I think baghouses will become smaller and more efficient through the use of either elliptical or pleated bags that look like the air cleaner in your car and have far more surface area in the same diameter and length of bag. A 47,000 ACFM baghouse has 550 bags 6” around by 10’ long. Each of these bags has 15.71 square feet of cloth. A pleated bag will have nearly ten times as much cloth per bag. This means our baghouse would only need 55 bags to clean the same amount of air. As you can imagine, this will allow the size of our baghouses to shrink dramatically.

    I think fugitive smoke issues are going to become more important, as they have at the paving show. We will need to control the blue smoke we get under our loadout silos. This will probably be done with either tertiary fans which will move the smoke back to the burner, or with smoke chokes under the silos. I see condensers on our AC tank ventilation systems.

    Another seldom considered issue is odor control at our plants. To us, hot asphalt smells good. But to the general public in stinks. As more and more neighborhoods complain about the proximity of an asphalt plant, I think we are going to have to find ways of masking or eliminating the smells produced by our plant operations.

    What about the next five years?
    Zoning issues are going to become critical. Unfortunately, in the past, our industry wasn’t very good at public relations. All too often we were not sensitive enough to our neighbors around our AC plants. People complained of truck traffic, noise and noxious odors. As long as we had our permits we ignored the concerns of our neighbors and soldiered on, oblivious to the damage we were doing to our image. These days we site our plants in poorer neighborhoods, because they don’t have the money to hire attorneys to deny us a permit. As time passes, it’s going to get tougher and tougher to site an asphalt plant in an urban setting. It’s quite possible that no new plants will be allowed in or close to our larger cities. This, in my opinion, will place a high premium on smaller, highly portable asphalt plants. Larger companies might have two or three 200 to 300 ton per hour plants in the same market area where they would have had a single 400 or 500 ton per hour stationary plant in earlier years. Cities will probably issue temporary use permits for work in their jurisdictions allowing these smaller plants to move in, set-up and do the job then move out again.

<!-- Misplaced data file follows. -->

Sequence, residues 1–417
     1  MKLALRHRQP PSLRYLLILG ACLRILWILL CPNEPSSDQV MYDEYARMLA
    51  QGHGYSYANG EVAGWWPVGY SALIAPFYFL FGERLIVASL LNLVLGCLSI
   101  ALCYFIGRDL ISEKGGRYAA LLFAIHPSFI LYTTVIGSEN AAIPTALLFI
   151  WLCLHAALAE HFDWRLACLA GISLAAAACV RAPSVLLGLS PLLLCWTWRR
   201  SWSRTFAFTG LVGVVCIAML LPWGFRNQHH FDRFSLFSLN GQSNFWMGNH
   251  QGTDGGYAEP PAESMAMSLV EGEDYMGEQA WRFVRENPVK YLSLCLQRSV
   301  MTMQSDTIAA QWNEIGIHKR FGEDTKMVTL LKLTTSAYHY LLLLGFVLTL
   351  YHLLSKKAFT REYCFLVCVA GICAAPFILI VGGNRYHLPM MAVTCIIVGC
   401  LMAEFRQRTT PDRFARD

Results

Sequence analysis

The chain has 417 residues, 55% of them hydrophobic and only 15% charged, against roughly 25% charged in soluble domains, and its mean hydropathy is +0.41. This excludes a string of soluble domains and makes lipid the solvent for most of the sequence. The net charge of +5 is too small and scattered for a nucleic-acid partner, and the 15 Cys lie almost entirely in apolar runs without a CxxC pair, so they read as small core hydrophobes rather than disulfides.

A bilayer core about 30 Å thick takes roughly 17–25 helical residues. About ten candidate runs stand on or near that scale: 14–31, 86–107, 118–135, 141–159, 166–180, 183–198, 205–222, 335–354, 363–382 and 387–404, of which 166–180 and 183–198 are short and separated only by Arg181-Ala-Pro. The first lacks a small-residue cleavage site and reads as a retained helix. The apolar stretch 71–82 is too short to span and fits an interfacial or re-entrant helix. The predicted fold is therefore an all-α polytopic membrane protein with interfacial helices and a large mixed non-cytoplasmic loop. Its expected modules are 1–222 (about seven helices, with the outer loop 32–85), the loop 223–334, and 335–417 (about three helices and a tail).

I think the near future will also see the death of the wet-scrubber at our asphalt plants. I do not think that they will be outlawed, I think they will be buried in rules and requirements, like weekly water testing and certification, making their daily operation cost prohibitive.

    While all these issues will drive the cost of road repairs skyward, it will be perceived as necessary to preserve our way of life.

    What about the next ten years?
    I recently read an article in Scientific American where some Poindexter lookin’ brainiac was discussing the use of sound waves to clean smoggy air. His theory was that ultra-high frequency sound waves caused the smog laden dust particles to cling to each other and, by weight, rain out of the air to be recovered and processed by some as yet unrevealed magical process. Returned to their former benevolent state, the dust particles were then returned to Mother Earth to begin the process all over again. This article begs the question: can ultra-sound be used to clean air in an asphalt plant?

    As fuel costs increase I think that we are going to be looking for ways to reduce its use at our AC plants. Two promising technologies exist that could be used to help reduce our use of fossil fuel. They are infrared and microwave energy. I’ve often though of building an infrared preheating unit to warm cold feed aggregates prior to their introduction to the drum. Imagine the fuel savings if you could raise the aggregate temperature to 150 degrees. But the real benefits would come when this technology is applied to the RAP. I don’t think it is a difficult problem, but I haven’t found a client willing to expend the funds needed to experiment. Any volunteers?

    Where are we going to be in thirty years?
    Given the finite amount of land available and the trend toward land conservation I can’t believe that there will be much new road construction in the continental US. I think what we will see will be mostly on-site regeneration and replacement of the existing roads similar to our road train paving shows today. This, of course, assumes that the space aliens haven’t shown up offering molecular transporters like on Star Trek. In emergent economies such as South America, Asia and Russia I think they will be where we are now or perhaps were ten years ago. I’ve traveled extensively in these areas and can tell you from first hand experience: There are huge areas without roads, and those that do exist are vastly inferior to American roads.



For additional information on this subject or help with any problems encountered contact Cliff Mansfield, 541-352-7942, 7:30am to 9:00pm Pacific Standard Time.